Do you have a favorite OSAI memory from any of the summers that you've attended? I'm sure there's a long list.

Gosh, that's a tall order. I'll never forget, we stayed in group camp my first year and our first activity of checking in and getting into our cabin—or bunkhouse, in that case—they made us walk from the from group camp over to the lodge as a sort of “don't miss the bus” reminder. I met one of my best friends who is still a very good friend today, Bennett Stuckey, who is an orchestra director in Fort Collins, Colorado. He and I talked on that mile-long walk and became fast friends. We spent the next three years together, thick as thieves, attending OSAI.  

As a student in Tahlequah in 1997, they had a big fountain and we filled it with dish soap and we all stood in it at one point to take a photo. In 1998 at OU, Mary Gordon Taft, who was the programs director and one of the founding minds behind the Arts Institute, would address the audience before every performance and ask to turn off any watches or, at that time, beepers or anything that might “ping” and the entire audience would yell “Ping!” as loud as possible. I remember giving her a ping golf hat that just said “Ping” really big across the front of it. She very proudly popped it on her head. That was a tradition that has since subsided but was something that that I remember fondly.

I think one memory you hear a lot about is when the power went out at Quartz Mountain and people got out their flashlights and whatever light they could, and tried to light the stage as best as possible and the orchestra finished their performance in the dark. That's a memory that you can try to imagine, but to experience it was really something remarkable.

When I think about the Summer Arts Institute in particular, I think about closing ceremonies and that sort of bow that you're putting on the end of the two weeks and what that that feeling is and that emotion. They're all similar in a way, you have these moments where you're cheering for the counselors, applauding the students and the faculty, and finally the chorus and orchestra perform. There's the feeling that’s been exactly the same in all 18 summers that I've attended, this feeling of gratitude for having had the experience and sadness for having to walk away from it.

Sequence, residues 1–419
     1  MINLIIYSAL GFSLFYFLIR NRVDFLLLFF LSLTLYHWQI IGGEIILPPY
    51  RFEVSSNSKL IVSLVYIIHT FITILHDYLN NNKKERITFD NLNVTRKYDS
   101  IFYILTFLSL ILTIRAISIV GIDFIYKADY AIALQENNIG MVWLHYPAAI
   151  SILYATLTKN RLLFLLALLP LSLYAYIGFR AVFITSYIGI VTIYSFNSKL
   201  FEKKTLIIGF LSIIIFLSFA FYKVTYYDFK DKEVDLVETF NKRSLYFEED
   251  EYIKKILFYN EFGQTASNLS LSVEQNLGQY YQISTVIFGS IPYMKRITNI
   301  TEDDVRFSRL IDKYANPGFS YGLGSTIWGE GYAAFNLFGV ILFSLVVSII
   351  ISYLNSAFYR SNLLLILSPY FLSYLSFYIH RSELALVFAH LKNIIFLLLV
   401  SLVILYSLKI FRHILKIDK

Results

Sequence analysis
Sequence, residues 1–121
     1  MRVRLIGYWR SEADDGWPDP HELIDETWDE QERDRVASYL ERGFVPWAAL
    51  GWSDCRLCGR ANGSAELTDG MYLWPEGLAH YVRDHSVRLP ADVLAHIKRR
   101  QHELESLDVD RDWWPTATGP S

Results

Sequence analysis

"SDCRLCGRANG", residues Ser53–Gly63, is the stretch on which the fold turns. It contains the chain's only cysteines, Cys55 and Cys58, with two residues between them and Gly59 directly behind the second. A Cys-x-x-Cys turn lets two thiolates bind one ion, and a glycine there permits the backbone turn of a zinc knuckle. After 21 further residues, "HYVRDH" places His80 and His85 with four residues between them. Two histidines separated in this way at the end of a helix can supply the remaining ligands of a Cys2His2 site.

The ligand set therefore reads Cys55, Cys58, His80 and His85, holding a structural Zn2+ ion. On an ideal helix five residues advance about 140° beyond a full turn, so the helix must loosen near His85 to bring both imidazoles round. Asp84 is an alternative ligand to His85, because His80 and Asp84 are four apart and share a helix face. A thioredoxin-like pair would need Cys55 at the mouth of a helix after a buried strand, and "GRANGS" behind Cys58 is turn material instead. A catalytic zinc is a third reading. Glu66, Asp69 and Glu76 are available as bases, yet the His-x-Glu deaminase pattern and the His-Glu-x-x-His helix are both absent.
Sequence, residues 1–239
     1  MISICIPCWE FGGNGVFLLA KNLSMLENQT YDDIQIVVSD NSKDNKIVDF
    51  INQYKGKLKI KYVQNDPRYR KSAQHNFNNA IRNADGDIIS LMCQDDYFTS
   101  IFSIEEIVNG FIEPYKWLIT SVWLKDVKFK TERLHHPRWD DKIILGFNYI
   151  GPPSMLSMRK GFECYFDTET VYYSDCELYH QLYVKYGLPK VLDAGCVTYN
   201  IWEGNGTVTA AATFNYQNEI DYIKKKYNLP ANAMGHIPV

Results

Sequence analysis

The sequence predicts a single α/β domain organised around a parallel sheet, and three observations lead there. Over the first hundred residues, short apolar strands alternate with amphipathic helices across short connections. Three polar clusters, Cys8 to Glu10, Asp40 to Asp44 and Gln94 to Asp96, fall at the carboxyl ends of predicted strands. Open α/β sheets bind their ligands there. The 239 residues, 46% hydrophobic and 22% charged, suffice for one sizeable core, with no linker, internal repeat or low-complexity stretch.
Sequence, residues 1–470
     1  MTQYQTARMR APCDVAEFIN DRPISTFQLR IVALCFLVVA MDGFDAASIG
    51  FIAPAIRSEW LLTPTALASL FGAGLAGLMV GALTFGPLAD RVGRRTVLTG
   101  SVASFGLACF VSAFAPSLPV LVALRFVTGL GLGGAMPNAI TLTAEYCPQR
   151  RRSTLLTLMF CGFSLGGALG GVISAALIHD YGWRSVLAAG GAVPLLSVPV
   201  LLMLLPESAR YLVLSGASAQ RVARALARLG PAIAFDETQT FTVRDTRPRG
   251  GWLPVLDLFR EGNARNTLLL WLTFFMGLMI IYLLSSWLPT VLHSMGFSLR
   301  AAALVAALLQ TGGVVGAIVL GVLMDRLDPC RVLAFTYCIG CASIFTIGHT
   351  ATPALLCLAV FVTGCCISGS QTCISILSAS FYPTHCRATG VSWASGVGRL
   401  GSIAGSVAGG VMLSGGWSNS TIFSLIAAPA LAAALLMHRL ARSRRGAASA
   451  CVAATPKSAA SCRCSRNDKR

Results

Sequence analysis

What are you most looking forward to in this next chapter of OAI?

First of all, I'm incredibly humbled to be in this position but excited to have the history that I do and to be able to carry on the traditions and the work of the Arts Institute. I'm also curious about what the next steps are and what the future will look like because what we do is incredible. With things like a new program coming on the horizon, I think there are going to be opportunities during my tenure to explore new ideas and to grow our program in ways that may or may not be large, but are meaningful.

Ultimately, we as Oklahoma’s Official School of the Arts are here to serve the students, teachers, and artists of Oklahoma. I am a teacher and I come from a teaching background, so I know what it's like to teach in a public school and a private school, and to try to get students involved in programs and motivated to think about how they will engage in the arts in their future, whether that's as a professional, as a supporter, or an amateur. Part of my vision and my goal is to figure out how we can best support that in our teachers and our students in the state, not just with the programs we provide but with the resources we can provide.

For more on the 2022 Oklahoma Summer Arts Institute, click here.